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Owned: When Consumers Feel a Brand Is “Theirs”

September 17, 2018

The "Share a Coke" campaign stimulated customers' psychological ownership and increased sales for Coca-Cola.

In an op-ed published today in Harvard Business Review, Assistant Professor of Marketing Colleen P. Kirk, D.P.S. advises businesses to promote and recognize psychological bonds consumers feel toward their offerings. “Companies that encourage psychological ownership can entice customers to buy more products, at higher prices, and even to willingly promote those products among their friends,” she says. Then, drawing on original research she conducted with colleagues, Kirk warns, “But if businesses disrespect this feeling, sales can suffer.”

Consumers who feel ownership are more committed to buying and promoting the brand’s products—very desirable customers indeed. “To build psychological ownership, companies must utilize at least one of three factors: control, investment of self, and intimate knowledge,” says Kirk.

The flipside of feeling psychological ownership of a brand, however, is that devoted consumers feel that it belongs to them, and they have strong opinions. Kirk cites Star Wars die-hards who are hoping to re-make The Last Jedi to make it meet their standards.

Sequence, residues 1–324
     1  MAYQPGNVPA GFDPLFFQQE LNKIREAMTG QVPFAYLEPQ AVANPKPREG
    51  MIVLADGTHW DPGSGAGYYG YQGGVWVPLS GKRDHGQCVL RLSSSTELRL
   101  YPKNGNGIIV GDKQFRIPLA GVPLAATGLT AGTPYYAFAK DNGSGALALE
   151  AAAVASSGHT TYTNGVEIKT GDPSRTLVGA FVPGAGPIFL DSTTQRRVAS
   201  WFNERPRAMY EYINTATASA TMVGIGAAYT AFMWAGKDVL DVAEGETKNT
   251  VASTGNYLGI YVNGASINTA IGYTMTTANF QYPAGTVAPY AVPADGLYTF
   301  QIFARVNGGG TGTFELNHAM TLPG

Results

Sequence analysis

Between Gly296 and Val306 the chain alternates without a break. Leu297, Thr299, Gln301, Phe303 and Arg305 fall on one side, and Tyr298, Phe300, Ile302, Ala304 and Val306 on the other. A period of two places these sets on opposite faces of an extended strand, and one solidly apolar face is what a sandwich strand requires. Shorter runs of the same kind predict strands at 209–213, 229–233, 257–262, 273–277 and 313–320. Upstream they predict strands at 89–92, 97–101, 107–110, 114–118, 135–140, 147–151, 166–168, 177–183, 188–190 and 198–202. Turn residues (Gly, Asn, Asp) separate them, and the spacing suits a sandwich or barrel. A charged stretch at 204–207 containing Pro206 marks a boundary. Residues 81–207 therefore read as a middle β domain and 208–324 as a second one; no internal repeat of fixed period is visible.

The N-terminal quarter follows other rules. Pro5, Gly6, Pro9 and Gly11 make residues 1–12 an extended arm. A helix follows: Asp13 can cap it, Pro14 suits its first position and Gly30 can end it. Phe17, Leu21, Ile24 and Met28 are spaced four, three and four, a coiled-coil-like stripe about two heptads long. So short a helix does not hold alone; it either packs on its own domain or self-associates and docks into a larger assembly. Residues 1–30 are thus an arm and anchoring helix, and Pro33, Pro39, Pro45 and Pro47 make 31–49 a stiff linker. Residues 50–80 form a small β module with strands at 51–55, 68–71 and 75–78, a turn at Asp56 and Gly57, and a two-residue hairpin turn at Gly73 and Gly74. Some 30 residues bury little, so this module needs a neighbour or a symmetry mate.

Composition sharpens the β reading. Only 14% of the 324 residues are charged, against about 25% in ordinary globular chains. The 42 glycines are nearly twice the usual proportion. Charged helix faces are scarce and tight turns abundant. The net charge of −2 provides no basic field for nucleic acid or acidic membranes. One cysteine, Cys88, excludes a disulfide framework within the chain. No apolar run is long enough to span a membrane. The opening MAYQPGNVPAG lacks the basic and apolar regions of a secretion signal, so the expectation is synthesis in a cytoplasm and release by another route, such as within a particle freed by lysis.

Kirk also shares examples of companies, including Tropicana, who backtracked on marketing strategies that offended their most passionate customers. After redesigning a beloved logo featuring a straw stuck into an orange, Tropicana saw sales drop. “The redesign turned off a generation of customers who had grown up with the image and felt ownership over the original design.”

Kirk includes ideas for companies to put psychological ownership to use in their marketing. For example, even the simple act of moving images of a product across a touch screen foments feelings of ownership, thus potentially increasing sales.

The op-ed concludes, “Companies legally own their brand, but their most devoted customers may own it psychologically. Businesses should cultivate this feeling—and then respect it.”

This op-ed is part of an NYIT thought-leadership campaign designed to help generate awareness and build reputation for the university on topics of national relevance. Read more op-eds by NYIT experts.